Everyone says that we are just waiting for the next best thing in MS treatment. Maybe this is it.
There’s a new vaccine on the horizon that could stop a terrible disease in its tracks.Multiple sclerosis is an autoimmune disease that affects nearly half a million Americans.There’s word a vaccine is showing promise in early clinical trials.The vaccine is BHT-3009. It contains DNA of healthy human myelin protein.Myelin is the insulation that protects nerve fibers. It is destroyed in MS patients.The vaccine delivers new DNA to the body to stop the immune system from attacking the nervous system.So far, patients have not suffered any side affects.Researchers hope to see if it can stop the disease from progressing or even reverse some of the symptoms of MS.The manufacturer, Bayhill Therapeutics, funded the study.
The only disturbing thing (to me) is that in the clinical trials exlusion criteria it lists…..
Prior therapy with natalizumab (Tysabri).
Let’s hope that this is not an exclusion criteria of the actual vaccine should it turn out to be released!
This came from the NMSS Website. Listed below are a few other websites you may be interested in if researching BHT-3009.
Results Published on BHT-3009, Experimental DNA Vaccine Treatment for MS
August 15, 2007
View or print this bulletin in its original format (PDF)*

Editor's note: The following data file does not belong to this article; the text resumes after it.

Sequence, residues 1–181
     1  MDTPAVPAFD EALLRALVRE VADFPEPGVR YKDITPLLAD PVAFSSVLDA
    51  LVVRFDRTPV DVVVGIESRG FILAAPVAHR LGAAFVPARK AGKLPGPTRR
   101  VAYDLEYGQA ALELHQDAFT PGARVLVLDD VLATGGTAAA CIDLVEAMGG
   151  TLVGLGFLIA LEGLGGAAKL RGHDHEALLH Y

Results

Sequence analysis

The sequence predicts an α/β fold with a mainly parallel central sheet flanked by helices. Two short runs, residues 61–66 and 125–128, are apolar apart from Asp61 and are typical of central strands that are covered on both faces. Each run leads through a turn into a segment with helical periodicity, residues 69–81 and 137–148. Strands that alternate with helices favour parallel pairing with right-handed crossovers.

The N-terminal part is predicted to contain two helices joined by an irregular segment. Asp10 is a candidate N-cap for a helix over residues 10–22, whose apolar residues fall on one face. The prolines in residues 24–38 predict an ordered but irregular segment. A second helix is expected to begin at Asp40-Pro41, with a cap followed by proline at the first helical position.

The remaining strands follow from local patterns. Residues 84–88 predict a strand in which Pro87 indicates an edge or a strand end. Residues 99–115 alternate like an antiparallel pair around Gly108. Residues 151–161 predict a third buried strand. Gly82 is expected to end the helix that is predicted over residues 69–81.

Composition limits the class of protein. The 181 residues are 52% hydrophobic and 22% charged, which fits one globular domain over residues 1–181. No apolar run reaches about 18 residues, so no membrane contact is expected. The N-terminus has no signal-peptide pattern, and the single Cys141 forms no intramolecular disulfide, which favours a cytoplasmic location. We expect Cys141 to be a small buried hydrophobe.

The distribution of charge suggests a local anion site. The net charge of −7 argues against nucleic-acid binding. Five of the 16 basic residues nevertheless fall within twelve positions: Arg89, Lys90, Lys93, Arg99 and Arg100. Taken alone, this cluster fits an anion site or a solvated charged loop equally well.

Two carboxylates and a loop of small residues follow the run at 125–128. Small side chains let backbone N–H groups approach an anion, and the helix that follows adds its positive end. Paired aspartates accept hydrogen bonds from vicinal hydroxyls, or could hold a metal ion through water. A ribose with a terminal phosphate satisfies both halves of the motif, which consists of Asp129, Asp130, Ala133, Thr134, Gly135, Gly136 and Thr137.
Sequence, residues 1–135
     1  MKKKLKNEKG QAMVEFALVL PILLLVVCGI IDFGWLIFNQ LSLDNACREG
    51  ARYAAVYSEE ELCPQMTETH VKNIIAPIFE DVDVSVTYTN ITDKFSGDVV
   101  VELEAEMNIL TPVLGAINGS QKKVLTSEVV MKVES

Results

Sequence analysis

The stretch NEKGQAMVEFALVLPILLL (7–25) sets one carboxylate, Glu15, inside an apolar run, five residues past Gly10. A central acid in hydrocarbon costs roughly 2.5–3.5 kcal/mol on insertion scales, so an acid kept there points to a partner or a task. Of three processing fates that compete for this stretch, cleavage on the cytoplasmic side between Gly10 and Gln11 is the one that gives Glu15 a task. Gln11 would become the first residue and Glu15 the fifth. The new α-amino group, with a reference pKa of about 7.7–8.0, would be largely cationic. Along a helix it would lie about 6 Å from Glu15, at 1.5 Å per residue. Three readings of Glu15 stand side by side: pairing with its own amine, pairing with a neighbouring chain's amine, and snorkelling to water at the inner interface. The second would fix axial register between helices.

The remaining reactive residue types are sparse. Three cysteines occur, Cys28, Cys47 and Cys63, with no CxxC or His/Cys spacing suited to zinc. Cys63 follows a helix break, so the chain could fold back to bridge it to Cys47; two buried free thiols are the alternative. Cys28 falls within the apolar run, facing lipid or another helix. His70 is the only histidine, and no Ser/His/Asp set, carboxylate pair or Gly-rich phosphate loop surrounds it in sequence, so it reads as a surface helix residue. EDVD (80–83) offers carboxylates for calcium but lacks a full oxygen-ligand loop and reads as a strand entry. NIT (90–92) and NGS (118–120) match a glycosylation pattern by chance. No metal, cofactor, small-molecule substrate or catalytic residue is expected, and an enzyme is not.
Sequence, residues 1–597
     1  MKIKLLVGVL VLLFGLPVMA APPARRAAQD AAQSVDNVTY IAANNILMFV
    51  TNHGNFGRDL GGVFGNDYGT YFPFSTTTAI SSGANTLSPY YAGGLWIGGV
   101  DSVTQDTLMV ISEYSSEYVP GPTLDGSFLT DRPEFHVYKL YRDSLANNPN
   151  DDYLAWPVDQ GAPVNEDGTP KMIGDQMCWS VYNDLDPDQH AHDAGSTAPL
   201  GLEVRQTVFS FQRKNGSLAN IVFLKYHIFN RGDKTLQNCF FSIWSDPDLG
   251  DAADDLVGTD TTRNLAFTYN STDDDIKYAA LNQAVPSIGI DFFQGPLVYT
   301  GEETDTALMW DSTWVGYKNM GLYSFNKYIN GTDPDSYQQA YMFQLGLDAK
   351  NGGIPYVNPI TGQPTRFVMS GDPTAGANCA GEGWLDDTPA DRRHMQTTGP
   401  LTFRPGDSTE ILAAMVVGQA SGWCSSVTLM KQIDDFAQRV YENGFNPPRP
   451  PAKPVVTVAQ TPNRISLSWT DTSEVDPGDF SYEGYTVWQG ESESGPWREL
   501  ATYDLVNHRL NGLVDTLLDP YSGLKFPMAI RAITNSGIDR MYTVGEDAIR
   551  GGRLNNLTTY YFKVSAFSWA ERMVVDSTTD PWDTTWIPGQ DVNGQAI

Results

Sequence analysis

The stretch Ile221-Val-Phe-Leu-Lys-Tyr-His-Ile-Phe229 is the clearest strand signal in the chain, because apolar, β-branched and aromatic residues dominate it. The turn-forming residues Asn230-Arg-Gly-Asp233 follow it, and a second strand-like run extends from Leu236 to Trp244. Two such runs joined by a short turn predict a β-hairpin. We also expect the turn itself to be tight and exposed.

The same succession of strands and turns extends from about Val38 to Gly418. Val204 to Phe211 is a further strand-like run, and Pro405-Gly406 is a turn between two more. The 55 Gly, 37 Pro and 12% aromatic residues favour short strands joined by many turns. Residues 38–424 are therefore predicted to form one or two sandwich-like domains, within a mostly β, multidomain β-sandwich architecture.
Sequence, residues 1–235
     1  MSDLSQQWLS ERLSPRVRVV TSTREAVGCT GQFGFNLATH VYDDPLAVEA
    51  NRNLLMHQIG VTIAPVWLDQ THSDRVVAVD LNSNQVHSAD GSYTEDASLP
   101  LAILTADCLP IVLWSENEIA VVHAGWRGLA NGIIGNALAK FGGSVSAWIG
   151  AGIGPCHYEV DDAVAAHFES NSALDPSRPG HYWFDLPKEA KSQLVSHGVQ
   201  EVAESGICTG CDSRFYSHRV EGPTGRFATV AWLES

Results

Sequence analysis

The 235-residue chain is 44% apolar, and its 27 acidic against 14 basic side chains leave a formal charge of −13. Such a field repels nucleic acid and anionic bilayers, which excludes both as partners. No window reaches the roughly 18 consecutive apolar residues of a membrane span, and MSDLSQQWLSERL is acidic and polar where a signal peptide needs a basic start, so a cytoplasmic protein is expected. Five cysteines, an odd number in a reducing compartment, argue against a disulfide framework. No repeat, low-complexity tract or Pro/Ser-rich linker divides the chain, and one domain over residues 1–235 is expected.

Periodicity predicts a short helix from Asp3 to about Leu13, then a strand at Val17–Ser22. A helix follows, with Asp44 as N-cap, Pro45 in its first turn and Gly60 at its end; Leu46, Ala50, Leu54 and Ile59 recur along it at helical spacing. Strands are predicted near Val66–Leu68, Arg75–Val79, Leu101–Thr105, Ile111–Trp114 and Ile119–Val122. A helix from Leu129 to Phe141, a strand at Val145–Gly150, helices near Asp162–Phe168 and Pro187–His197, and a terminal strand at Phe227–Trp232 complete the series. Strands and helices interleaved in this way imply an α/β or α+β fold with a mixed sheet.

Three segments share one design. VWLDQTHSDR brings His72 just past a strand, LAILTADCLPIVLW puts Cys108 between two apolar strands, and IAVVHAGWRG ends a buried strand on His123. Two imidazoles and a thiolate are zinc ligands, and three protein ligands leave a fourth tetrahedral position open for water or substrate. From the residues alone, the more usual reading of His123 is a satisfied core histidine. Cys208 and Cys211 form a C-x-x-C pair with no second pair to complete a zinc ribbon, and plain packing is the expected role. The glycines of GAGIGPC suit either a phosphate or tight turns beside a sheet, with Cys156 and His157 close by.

An early-phase study of BHT-3009 (Bayhill Therapeutics), both alone and in combination with Lipitor® (atorvastatin, Pfizer, Inc.) found the drug to be safe and to induce a beneficial immune response in relapsing-remitting+ or secondary-progressive MS**. BHT-3009 is a vaccine containing genetic material that instructs cells to produce myelin basic protein (MBP), a component of myelin, an immune target in MS. Lipitor is a cholesterol-lowering drug under study for its effects on immune function in MS. Amit Bar-Or, MD (Montreal Neurological Institute) and colleagues published their findings in the Archives of Neurology (2007;64: early online publication, August 13). Results of the study, funded by Bayhill Therapeutics, were originally reported at the Annual Meeting of the American Academy of Neurology in 2006.
Details: Investigators randomly assigned 30 people with relapsing-remitting or secondary-progressive MS to either receive BHT-3009 (intramuscular injections in weeks 1, 3, 5, 9) with or without Lipitor (80 mg per day, oral capsules) or inactive placebo alone for 13 weeks. Those on placebo alone were later switched to BHT-3009 with or without Lipitor. Immune changes observed in the treatment groups included a decrease in attacking T cells, and in immune proteins targeting MBP. There was a reduction in tissue damage observed on imaging scans in the treatment groups compared with placebo, but the difference was not statistically significant. Adverse events were mild to moderate, and were similar in the groups taking BHT-3009 and placebo.
The authors note that, based on these results, a one-year, placebo-controlled clinical trial of BHT-3009 alone is underway in 290 people with relapsing-remitting MS; this study has completed enrollment. Further information can be found on the clinicaltrials.gov website, at www.clinicaltrials.gov/ct/show/NCT00382629.